In reviewing suggested topics from the Business Women’s Forum participants survey this year, one stood out to me: women we need in the world today. Recently, there’s been more trending in the news and media regarding equality, the wage gap and empowerment. In light of these things, I’ve been thinking about my late grandmother’s life.

My grandmother graduated from pharmacy school in the 1940s and was a pharmacist owning her own drugstore in small town Idaho all while raising my father on her own. She was a widow for more than 60 years and she didn’t complain about the struggles she dealt with. She pressed forward and continued to encourage all around her.

This is the type of woman we need more of in the world today and the type of woman I aim to be. Here are four tactics I have learned from my late grandmother and others.

1. Remember to take care of you. If you are like me and others in this busy world, many times we put ourselves last. A quote from Brené Brown describes this well: “In a society that says, ‘Put yourself last,’ self-love and self-acceptance are almost revolutionary.” Taking the time to put you first, allows you to have strength and energy to give to others and things you value.

This means saying “no” more often and “yes” to the things that matter most. You’re in charge of where and how you spend your time. I am a transplant to Utah from California and most of my family lives out of state. I choose to invest time and money by traveling to visit them often, video chatting, calling, texting and sending birthday or holiday cards because I am committed to having a strong relationship with them. Associates will comment on how much I travel and how lucky I am, but it isn’t luck. I work on these family relationships and choose to say no to other activities.

I also don’t have as much time or the drive to host parties like I used to with many of my friends. Now, I schedule one-on-one time with myself, associates and friends. These activities include:

  • Going for a walk after work
  • Attending networking events
  • Reading a book over the summer and meeting up for lunch each month to discuss it
  • Dropping by someone’s house or workplace to say hello

Taking care of yourself will help you give to others.

2. Listen. Taking the time to effectively listen, to understand what someone is saying builds trust. Trust is the foundation of a healthy personal or professional relationship. Growing up, my father would tell me you have two ears and one mouth; you should listen twice as much as you speak. I continuously remind myself of this advice when I am listening to others one-on-one or in a meeting, to genuinely take time to understand instead of listening to respond.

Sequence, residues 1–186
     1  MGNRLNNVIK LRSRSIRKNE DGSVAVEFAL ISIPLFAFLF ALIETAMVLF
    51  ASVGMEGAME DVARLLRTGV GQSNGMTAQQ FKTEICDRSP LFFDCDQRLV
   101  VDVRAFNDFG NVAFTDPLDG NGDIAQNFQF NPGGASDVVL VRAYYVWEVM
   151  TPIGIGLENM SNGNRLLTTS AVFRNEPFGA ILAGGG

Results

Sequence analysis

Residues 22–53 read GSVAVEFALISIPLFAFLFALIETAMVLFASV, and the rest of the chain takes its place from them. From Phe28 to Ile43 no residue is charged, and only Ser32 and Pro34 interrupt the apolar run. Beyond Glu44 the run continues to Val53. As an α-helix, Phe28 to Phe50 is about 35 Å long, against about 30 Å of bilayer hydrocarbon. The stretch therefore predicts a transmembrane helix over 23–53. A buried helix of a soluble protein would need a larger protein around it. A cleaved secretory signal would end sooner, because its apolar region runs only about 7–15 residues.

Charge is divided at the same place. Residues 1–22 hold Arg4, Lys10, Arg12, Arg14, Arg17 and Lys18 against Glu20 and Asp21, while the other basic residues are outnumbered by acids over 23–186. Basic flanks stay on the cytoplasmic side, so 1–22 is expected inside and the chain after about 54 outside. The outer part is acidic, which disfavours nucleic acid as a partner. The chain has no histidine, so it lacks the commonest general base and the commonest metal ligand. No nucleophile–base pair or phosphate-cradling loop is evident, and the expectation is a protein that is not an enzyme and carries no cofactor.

Has there been a time recently that you felt like no one was listening? How did you feel? Did your trust and engagement increase or decrease? In Stephen Covey’s best-selling book, “The 7 Habits of Highly Effective People,”  Habit 5 is “Seek first to understand, then to be understood.”

3. Focus on what we have instead of what we don’t have. Early in my career I wanted to grow my salary specifically. Looking back on this experience I realize I spent too much time focusing on the salary aspect of my position instead of examining my competencies and finding meaning in the work I was doing.

Some ways that help me focus on what I have instead of what I don’t are:

  • Saying hello or smiling at others
  • Choosing a good attitude
  • Investing in positive relationships
  • Attaching work to service
  • Knowing why I work
  • Continuing to learn
  • Taking time to say thank you, in-person, email, text or mail a note

4. Mentor or mentee. You’re never too young or old to mentor and be a mentee. A mentor coaches by giving guidance, sharing ideas and providing feedback. They are a resourceful person to enhance your opportunities and a source of encouragement. My grandmother always encouraged her grandchildren to gain an education because my grandfather died when my father was one and a half years old. He was the only child and she was able to be the provider because of her pharmacy degree.

A few years into my career, my director, a trusted advisor to me, encouraged me to go back to earn my master’s degree. I was hesitant in my abilities and the time commitment: could I work full-time and go to school part-time? But I did it and graduated almost four years ago with my Master’s Degree in Public Administration. It was one of the hardest and most rewarding experiences.

A mentee learns, develops, partners and is the student to the mentor. One of the best things I have learned from my mentors is to always volunteer for an extra credit project that will help me grow professionally, even if it takes additional time. This advice allowed me to expand my abilities and knowledge.

More recently, I was speaking with a mentor about my career path and developing leadership skills; he reminded me that observing what you don’t want to become as a leader is just as important as who you want to become as a leader.

Join us for the upcoming Business Women’s Forum Luncheon on ‘Maintaining Wellness as a Busy Professional’ on July 17, 2108: Register Here.

About Lori Williams

Lori Williams, MPA, is an associate director of marketing for University of Utah Health. For the past 10 years, she has worked in marketing and communications in the health care and education industries. She has created and lead successful marketing and communications campaigns, which include the rebrand initiative for U of U Health, Breast Assured, Vas Madness and Here for Every Body.  Lori, a Cali girl, is a transplant to Utah; you can find her on the ski slopes in the winter and teaching swim lessons in her spare time. She is fro-yo fanatic, adventure seeker and enjoys learning from others. Connect with her on Twitter @lorib_williams.